# CAMP:Interplay between the electronic band topology and phonons in Dirac materials

## Main Content

Recent years have witnessed the discovery of novel topological phases in solids whose low-energy bulk excitations are Dirac fermions. Topological phases in these “Dirac materials” are characterized by nonzero integers (topological invariants), which manifest themselves through peculiar and robustly gapless states localized at the boundaries of the material. The unusual properties of topological surface (boundary) states have inspired numerous proposals for realizing low-dissipation magnetoelectronic devices and low-decoherence quantum computers.

Most theoretical studies to date have focused on closed quantum systems, wherein electrons are isolated from their environments.

Yet, in real crystals, electrons constitute open quantum systems coupled to various baths, of which the most ubiquitous are lattice vibrations (phonons).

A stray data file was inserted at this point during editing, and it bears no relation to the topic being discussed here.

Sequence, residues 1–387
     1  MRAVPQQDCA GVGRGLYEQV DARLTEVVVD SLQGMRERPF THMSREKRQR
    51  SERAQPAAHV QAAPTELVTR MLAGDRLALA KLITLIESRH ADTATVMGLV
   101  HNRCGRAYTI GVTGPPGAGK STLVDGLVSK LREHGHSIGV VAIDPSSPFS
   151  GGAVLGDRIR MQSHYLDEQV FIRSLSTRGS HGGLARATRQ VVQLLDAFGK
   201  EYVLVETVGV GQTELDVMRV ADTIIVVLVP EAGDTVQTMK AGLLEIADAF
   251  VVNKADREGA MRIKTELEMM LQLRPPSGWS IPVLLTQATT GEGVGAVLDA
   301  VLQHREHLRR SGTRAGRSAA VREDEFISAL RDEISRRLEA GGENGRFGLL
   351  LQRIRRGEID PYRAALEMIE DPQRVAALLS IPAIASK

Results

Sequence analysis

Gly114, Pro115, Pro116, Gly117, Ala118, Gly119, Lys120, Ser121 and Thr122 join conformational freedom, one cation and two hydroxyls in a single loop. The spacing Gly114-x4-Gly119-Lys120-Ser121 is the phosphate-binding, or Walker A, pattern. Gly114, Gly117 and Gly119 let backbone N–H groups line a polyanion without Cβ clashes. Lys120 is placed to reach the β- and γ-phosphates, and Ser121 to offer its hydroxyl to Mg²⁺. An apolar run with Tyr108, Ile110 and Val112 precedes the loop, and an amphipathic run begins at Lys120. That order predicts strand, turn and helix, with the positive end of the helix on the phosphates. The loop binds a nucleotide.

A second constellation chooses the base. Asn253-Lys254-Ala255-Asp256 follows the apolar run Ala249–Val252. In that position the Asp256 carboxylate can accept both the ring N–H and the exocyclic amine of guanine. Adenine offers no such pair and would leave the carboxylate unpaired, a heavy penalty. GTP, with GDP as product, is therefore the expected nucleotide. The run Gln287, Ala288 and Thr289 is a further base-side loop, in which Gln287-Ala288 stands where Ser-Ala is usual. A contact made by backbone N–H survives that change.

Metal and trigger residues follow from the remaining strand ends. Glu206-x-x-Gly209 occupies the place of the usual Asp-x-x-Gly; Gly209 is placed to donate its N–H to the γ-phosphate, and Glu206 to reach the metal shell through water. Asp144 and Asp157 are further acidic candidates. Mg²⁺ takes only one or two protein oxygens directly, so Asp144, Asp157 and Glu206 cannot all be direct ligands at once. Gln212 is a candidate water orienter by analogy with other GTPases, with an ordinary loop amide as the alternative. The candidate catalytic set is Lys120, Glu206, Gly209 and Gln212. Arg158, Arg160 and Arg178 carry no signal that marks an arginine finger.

The coupling between electrons and the bath can be strong enough that the topological invariants are changed.

Moreover, some of these changes could lead to potentially useful device applications.

In this talk, I will show that phonons can alter the band topology of narrow-gap Dirac insulators and semimetals, at both zero and nonzero temperature. Contrary to the common belief that increasing temperature always destabilizes topological phases, our results highlight instances in which phonons might induce topological surface states above a crossover temperature in a material that has a topologically trivial ground state.

In the second part of the talk, I will turn the tables and discuss the back action of band topology on phonon properties. Our results predict that the linewidths of certain phonon modes can display distinct signatures of the underlying electronic band topology.